Federer vs. Woods.
- 01-27-2008, 04:49 PM
Federer vs. Woods.
Both are incredibly gifted athletes, and the most dominant players in their sport in quite some time. Both are on a path for unparalleled achievement in their respective field, and could be anointed the 'best ever' before the end of their careers; I think, though, this begs the question of who is relatively more dominant. Some will say this is apples to oranges, but I think certain legitimate comparisons can be drawn.
Mark Philippoussis - 0 Grand Slams
Marat Safin - 2 Grand Slams
Andy Roddick (3) - 1 Grand Slam
Lleyton Hewitt - 2 Grand Slams
Andre Agassi - 8 Grand Slams
Marcos Baghdatis - 0 Grand Slams
Nadal (2) - 3 Grand Slams
Fernando González - 0 Grand Slams
Novak Đoković - 1 Grand Slam
Total number of major wins by opponents: 17
Tom Kite - 1 Major
Sergio Garcia - 0 Majors
Ernie Els (2) - 3 Majors/ Miguel Ángel Jiménez - 0 Majors
Thomas Bjorn - 0 Majors
Bob May - 0 Majors
David Duval - 1 Major
Reteif Goosen - 2 Majors
Phil Mickelson - 3 Majors
Chris DiMarco (2) - 0 Majors
Colin Montgomerie - 0 Majors
Shaun Michael - 1 Major
Woody Austin - 0 Majors
Total number of major wins by Runner-Up: 10
Seems like an easy case, does it not? Tiger's Runners-Up only had 10 major wins, whilst Roger's had 17. Except for one issue - the amount of players in the field. At most Federer played 6 matches for his Grand Slams (at times he had a bye) against a total field of a maximum of 60 athletes; while Tiger, on the other hand, plays 4 rounds, regardless, against a field of up to 140 players.
Furthermore, if the top competition is in a particular tournament, he plays against them regardless. They play the same holes, in the same conditions, in real time. Federer, on the other hand, may play very low-ranked players and/or receive a bye into later rounds. If you were to examine the amount of major wins for the entire field for each (obviously make it relative based on total particpants), Tiger faces far tougher competition.
Next, is the issue of Career Grand Slams; Roger is yet to have one. Woods' first round of professional golf was in 1996. In 2001 he won the U.S. Open to hold all four major championships at the same time, no less at age 24. Roger Federer is 26.
The last point, which may be the most important, is the greater degree of relativity in golf vs. tennis. It is harder to compare Federer to a Macenroe, or Bjorg, or Sampras because of their competition; the fields in their day could have been greater or weaker as compared to Roger's. A 61 in golf however, is a 61. It is much easier to look at Tiger's scoring statistics relative to Palmer's and Nicklaus' scoring statistics and see his greatness.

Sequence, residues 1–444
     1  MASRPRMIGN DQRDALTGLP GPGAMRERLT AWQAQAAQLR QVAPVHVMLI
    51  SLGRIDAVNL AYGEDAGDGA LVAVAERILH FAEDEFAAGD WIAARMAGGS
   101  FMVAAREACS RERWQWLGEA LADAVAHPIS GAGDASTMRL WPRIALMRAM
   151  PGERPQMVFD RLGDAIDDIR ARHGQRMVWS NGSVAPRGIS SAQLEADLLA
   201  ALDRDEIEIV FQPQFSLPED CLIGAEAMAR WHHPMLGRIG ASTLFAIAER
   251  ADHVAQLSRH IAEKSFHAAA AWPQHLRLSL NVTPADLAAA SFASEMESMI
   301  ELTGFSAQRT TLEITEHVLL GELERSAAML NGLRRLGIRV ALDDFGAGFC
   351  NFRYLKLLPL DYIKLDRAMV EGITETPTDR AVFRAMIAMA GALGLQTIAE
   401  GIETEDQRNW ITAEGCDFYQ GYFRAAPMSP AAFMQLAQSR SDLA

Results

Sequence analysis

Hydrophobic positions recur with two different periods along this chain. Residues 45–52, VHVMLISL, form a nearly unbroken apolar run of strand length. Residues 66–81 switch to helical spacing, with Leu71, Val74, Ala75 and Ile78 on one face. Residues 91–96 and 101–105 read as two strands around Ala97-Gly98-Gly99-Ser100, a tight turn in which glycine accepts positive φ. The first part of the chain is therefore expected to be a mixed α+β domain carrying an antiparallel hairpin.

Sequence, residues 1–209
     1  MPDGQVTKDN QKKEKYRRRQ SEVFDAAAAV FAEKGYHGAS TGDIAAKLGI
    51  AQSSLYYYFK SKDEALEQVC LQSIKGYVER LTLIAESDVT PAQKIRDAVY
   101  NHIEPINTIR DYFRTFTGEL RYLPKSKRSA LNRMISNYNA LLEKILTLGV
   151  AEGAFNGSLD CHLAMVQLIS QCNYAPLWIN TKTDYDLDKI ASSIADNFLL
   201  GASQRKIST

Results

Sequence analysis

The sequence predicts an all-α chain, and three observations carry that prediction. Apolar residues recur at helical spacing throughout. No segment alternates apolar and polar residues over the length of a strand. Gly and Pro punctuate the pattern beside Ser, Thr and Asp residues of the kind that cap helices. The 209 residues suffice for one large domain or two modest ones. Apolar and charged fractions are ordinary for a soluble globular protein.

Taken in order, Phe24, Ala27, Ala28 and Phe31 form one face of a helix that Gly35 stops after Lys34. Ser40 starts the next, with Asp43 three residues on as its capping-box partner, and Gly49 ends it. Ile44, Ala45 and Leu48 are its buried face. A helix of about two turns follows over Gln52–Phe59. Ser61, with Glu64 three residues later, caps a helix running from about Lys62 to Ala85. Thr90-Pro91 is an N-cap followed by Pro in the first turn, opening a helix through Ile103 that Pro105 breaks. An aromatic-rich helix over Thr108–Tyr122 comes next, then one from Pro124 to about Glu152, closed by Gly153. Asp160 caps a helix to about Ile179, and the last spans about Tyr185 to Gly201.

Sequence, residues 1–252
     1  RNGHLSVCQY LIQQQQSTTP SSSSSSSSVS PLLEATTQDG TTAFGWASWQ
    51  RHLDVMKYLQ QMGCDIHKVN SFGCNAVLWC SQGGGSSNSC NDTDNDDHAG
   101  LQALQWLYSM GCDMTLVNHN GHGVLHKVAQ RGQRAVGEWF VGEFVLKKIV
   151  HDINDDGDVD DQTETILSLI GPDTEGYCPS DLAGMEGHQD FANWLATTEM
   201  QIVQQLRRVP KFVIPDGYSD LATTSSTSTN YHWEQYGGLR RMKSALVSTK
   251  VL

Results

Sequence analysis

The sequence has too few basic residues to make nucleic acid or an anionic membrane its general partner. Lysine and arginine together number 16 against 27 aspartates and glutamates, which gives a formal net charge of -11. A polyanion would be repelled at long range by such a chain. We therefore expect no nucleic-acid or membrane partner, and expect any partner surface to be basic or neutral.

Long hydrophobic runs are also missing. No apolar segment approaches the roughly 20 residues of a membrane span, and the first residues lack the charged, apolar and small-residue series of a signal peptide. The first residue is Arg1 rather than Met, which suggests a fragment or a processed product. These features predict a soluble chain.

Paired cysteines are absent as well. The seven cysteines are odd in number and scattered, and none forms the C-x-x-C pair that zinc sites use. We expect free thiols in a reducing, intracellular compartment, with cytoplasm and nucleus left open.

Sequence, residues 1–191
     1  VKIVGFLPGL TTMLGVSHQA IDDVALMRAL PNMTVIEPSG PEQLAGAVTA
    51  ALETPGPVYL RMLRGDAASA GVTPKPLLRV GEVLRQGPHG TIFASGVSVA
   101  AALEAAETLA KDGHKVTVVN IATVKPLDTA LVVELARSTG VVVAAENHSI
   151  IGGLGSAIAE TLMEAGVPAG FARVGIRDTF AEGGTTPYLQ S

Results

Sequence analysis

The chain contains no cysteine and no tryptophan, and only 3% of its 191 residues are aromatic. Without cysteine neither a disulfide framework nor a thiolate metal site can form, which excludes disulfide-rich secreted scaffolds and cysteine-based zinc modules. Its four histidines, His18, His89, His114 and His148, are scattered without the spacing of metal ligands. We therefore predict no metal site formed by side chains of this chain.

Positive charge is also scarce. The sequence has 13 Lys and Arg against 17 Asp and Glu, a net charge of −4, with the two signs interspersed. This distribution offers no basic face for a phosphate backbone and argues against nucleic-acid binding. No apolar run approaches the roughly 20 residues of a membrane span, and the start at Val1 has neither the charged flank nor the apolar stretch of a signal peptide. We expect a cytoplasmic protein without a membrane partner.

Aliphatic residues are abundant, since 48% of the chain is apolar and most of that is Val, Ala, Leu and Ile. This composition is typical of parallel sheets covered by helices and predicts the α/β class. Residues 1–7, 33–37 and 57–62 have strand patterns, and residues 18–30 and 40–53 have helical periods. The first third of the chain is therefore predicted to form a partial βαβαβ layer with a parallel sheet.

When you examine Tiger's scoring stats., to Roger's, in relative fashion compared to the all-time greats, there is no question.
In my eye's there is no comparison. But, I am not a Tennis expert. Any alternate opinions?
- 01-27-2008, 08:05 PM
I'll add much more later, but over the last 4 years their is really no question that Federer has been much more dominant. Tiger will tell you that himself and he's not bullsh*tting either. Tiger has been dominant for the last 10 years, while Federer's only been dominant for about 4-5. I'll be back with more.
01-27-2008, 08:27 PM
Nice cop out, Alex. Kind of like your DL cop-out.
Either way, mathematically, there is no comparison. I'm pretty skeptical you will find anything I can't counter.
He said that out of humility, he's not going to be a ****. He isn't Jas.
01-27-2008, 08:31 PM
Damn, it took me a minute to figure out this was about tennis. I thought the title said FEDOR vs WOODS.
I was like, Grand slams? wtf?!?
I was a click away from searching YouTube for Woods fights... sorry about the retardation.
NSCA - CSCS
01-27-2008, 08:46 PM
Anything you can't counter? Does that mean that you think Woods has been more dominant over the last 5 years? I really don't think he said that out of humility. He said that he would have to place top 10 in every tourny he entered to be in the same league with Federer, and that aint happening. This was Federer's biggest letdown for some time, losing in the semi's of the Aussie.
Did you watch the final? I was rooting for Tsonga. Storkavic bothers me. I know that's not his name, but that's what I call him because he looks like a retarded stork, him and his little mini stork brothers. I'll be back in 5 to destroy you Mullet.
01-27-2008, 08:48 PM
01-27-2008, 08:54 PM
I'm looking career wise. Woods has done things in his first 7-8 years that Federer has not yet accomplished.
Tell me, how many times has Federer won each of the four Grand Slam titles? Wait, that's right, he hasn't won all of them, let alone all in the same calendar year.
Btw, Federer has been a pro almost as long as Tiger. He turned when he was 18. Fact is, there is absolutely no comparison to Tiger's immediate dominance. He won the Masters within the first 9 months on the tour
Fixed his age. I was wrong.
01-27-2008, 09:33 PM
I like the setup of Federer losing in the semi's at the aussie. Look for him to capture his first French in a few months.
Federer was a head case when he first became a pro. That's his fault and he should suffer for it. It really is amazing how calm and level headed he is now. He used to throw his racket and get very frustrated. Then, I think in 02 he completely changed, to the ice cold assassin that he is now. Do I never lose if I keep saying I'll be back in 5 min?